ISO...Finding the Light

Everything You Need to Know About the Camera Setting - ISO

When we discuss shooting in manual, everything ultimately comes back to the three most important settings: aperture, shutter speed and ISO. ISO will most likely be the easiest camera setting that you will experiment with. So what is ISO?

The ISO speed is a measure of how sensitive the sensor of your camera is to light. A lower number is less sensitive, and a higher number is more sensitive. The term originated in film photography, where film of different sensitivities could be used depending on the shooting conditions, and it is no different in digital photography.

The ISO sensitivity is represented numerically from ISO 100 (low sensitivity) up to ISO 6400 (high sensitivity) and beyond, and controls the amount of light required by the sensor to achieve a given exposure.

To understand this, let’s look at two different situations:


Photos taken with a slower ISO speed will have less noise (speckled grain-look) than ones taken with a faster ISO speed.

If shooting outside on a bright sunny day there is a lot of available light that will hit the sensor during an exposure, meaning that the sensor does not need to be very sensitive in order to achieve a correct exposure. Therefore, you could use a low ISO number, such as ISO 100 or 200. This will give you images of the highest quality, with very little grain (or noise).

The unedited photo to the left was taken in our studio with an ISO of 200. I was also using studio lighting, which helped project enough light on Vivian. If I hadn't used those lights, the room would have been too dark and I would have had to have used a much higher ISO setting.


If shooting in low light conditions, such as inside a dark museum or at a wedding reception, there will not be much light available for your camera sensor. A high ISO number, such as ISO 3200, will increase the sensitivity of the sensor, effectively multiplying the small amount of available light to give you a correctly exposed image.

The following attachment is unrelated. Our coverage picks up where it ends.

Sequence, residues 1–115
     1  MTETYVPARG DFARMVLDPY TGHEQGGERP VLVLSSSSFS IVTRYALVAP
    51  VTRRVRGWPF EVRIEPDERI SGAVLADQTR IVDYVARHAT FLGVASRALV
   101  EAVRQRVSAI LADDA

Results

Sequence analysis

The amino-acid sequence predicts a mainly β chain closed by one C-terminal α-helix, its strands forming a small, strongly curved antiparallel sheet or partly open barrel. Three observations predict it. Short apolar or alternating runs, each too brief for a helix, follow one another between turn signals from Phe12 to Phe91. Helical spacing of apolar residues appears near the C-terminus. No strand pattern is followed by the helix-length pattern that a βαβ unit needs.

The image to the right was taken with our studio lights off, at the same ISO of 200. You can see now how dark the image is.

Whether you are using a window, the sun, an external flash or studio lighting, a good light source is imperative to achieving a good quality photo.

Raising the ISO comes with an unwanted side effect of increased noise on the image, which looks like a fine grain, reducing the overall image quality. The noise will be most pronounced in the darker/shadow regions.

The photo below shows a zoomed in clip of a photo taken in the same studio, still with the lights off, but with an ISO of 6400. You can now see that unwanted noise that has occurred due to not having an adequate light source and using a high ISO.

The overall goal when it comes to ISO is to keep the number as low as possible. Because as we discussed, the lower the ISO, the less noise and the higher the quality of the resulting image.

Outside on a sunny day, try selecting an ISO of 100 as a starting point. If it clouds over, try selecting an ISO between 400-800. If you move indoors, consider an ISO of around 1600 or above. If you are near a quality light source such as a window, that setting may be lower. Remember, these are approximate starting points.

The visual below will give you a better understanding of how to calculate ISO.

If you are still having trouble with the concept of ISO, check out the video below where I explain ISO a little more and show how it affects each photo taken.

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